Little is known about the relationship between mild cognitive impairment (MCI) and changes to language abilities. Here, we used the revised Hasegawa Dementia Scale (HDS-R) to identify suspected MCI in elderly individuals. We then analyzed written and spoken narratives to compare the language abilities between study participants with and without MCI in order to explore the relationship between cognitive and language abilities, and to identify a possible indicator for the early detection of MCI and dementia. We recruited 22 people aged 74 to 86 years (mean: 78.32 years; standard deviation: 3.36). The participants were requested to write and talk about one of the happiest events in their lives. Based on HDS-R scores, we divided the participants into 2 groups: the MCI Group comprised 8 participants with a score of 26 or lower, while the Healthy Group comprised 14 participants with a score of 27 or higher. The transcriptions of both written and spoken samples for each participant were used in the measurement of NLP-based language ability scores. Our analysis showed no significant differences in writing abilities between the 2 groups in any of the language ability scores. However, analysis of the spoken narrative showed that the MCI Group had a significantly larger vocabulary size. In addition, analysis of a metric that signified the gap in content between the spoken and written narratives also revealed a larger vocabulary size in the MCI Group. Individuals with early-stage MCI may be engaging in behavior to conceal their deteriorating cognition, thereby leading to a temporary increase in their active spoken vocabulary. These results indicate the possible detection of early stages of reduced cognition before dementia onset through the analysis of spoken narratives.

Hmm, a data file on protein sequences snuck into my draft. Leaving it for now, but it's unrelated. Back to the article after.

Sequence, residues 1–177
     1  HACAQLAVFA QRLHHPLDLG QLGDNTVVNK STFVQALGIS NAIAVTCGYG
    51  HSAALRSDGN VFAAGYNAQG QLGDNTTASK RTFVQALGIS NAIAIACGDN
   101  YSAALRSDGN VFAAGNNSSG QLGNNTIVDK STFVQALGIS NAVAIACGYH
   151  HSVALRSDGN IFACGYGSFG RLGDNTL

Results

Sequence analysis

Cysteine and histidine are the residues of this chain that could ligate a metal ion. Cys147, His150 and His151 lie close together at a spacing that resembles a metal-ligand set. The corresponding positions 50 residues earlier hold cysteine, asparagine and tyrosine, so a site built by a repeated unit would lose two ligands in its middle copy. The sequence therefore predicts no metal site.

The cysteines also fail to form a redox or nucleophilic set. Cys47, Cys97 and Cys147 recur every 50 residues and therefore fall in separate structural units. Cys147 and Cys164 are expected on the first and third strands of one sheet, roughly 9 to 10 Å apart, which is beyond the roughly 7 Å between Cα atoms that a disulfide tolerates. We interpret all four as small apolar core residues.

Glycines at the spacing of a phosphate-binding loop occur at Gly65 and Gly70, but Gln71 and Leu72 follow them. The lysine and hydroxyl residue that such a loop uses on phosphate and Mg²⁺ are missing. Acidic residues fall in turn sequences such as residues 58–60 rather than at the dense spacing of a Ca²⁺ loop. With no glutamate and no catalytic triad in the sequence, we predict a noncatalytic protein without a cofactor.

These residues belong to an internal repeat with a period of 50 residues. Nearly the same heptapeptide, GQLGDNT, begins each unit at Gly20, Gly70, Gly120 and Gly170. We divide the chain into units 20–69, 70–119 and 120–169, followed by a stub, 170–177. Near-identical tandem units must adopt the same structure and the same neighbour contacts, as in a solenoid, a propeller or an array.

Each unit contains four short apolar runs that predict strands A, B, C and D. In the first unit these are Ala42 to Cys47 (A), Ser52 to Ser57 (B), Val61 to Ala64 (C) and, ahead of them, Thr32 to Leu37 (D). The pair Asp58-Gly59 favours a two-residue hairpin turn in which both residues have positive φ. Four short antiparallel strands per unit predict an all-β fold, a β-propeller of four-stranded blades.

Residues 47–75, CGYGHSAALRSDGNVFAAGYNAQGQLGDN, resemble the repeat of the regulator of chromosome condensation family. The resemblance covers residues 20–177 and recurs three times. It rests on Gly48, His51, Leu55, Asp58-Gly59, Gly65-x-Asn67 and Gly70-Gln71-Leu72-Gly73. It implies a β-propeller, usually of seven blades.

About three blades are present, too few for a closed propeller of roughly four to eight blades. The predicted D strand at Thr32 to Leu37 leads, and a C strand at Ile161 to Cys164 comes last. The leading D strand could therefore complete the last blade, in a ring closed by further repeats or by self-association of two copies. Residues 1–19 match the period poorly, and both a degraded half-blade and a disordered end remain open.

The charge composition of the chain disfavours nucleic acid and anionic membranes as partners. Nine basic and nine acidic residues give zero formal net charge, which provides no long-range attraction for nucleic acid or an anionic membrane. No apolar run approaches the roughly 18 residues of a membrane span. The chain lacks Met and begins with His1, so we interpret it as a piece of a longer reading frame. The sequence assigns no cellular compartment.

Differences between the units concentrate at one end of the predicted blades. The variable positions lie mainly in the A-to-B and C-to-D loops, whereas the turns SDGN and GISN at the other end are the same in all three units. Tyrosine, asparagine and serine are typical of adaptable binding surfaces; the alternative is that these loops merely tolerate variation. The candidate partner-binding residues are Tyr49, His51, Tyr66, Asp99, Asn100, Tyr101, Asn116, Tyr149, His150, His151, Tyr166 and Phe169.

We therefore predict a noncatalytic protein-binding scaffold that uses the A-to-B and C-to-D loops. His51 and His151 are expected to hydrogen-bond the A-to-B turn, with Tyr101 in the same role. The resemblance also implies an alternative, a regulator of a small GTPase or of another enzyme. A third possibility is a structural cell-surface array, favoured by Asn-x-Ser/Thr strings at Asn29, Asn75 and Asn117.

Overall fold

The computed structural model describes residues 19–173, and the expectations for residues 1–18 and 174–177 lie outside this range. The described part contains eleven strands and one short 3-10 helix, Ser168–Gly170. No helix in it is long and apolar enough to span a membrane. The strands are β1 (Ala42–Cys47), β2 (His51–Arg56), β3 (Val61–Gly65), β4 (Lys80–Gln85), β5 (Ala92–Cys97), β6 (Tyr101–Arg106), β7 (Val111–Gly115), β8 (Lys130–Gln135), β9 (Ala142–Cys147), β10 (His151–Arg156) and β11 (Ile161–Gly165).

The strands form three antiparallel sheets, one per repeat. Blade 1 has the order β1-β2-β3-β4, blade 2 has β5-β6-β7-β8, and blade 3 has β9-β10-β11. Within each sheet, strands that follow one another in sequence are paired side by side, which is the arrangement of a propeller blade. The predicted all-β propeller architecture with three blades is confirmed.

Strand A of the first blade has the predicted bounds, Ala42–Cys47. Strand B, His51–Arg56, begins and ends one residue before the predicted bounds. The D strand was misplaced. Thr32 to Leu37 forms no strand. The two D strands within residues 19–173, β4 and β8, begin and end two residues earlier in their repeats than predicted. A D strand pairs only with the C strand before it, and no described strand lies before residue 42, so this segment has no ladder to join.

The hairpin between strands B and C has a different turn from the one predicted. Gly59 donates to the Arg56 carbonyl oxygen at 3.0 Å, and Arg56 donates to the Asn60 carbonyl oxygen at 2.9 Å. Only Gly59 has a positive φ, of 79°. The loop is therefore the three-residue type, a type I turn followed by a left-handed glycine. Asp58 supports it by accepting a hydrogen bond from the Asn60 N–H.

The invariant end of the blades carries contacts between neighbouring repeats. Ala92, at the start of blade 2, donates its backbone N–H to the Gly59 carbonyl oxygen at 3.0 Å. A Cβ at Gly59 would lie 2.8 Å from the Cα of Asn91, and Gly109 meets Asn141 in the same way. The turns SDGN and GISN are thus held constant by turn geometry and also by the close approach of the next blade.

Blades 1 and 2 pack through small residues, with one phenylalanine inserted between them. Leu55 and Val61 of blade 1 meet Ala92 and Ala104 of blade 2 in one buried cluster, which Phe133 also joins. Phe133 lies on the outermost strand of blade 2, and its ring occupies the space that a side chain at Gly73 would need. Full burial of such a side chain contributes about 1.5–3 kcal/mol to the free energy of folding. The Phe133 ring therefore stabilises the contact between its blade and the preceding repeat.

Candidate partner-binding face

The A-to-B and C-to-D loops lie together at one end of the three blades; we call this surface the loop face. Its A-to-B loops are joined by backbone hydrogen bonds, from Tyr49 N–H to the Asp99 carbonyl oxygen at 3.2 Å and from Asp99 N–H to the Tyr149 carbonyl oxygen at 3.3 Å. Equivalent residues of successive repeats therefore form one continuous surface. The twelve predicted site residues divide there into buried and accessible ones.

Citation: Aramaki E, Shikata S, Miyabe M, Kinoshita A (2016) Vocabulary Size in Speech May Be an Early Indicator of Cognitive Impairment. PLoS ONE 11(5): e0155195. https://doi.org/10.1371/journal.pone.0155195
Editor: Linda Chao, University of California, San Francisco, UNITED STATES
Received: August 11, 2015; Accepted: April 25, 2016; Published: May 13, 2016
Copyright: © 2016 Aramaki et al. This is an open access article distributed under the terms of the Creative Commons Attribution License, which permits unrestricted use, distribution, and reproduction in any medium, provided the original author and source are credited.
Data Availability: All speech and written data are available from the Narrative Corpus of Japanese Elders "JELiCo (Japanese Elder’s Language Index Corpus)": http://mednlp.jp/jelico.html and also from Figshare: https://dx.doi.org/10.6084/m9.figshare.2082706.v1.
Funding: The authors have no support or funding to report.
Competing interests: The authors have declared that no competing interests exist.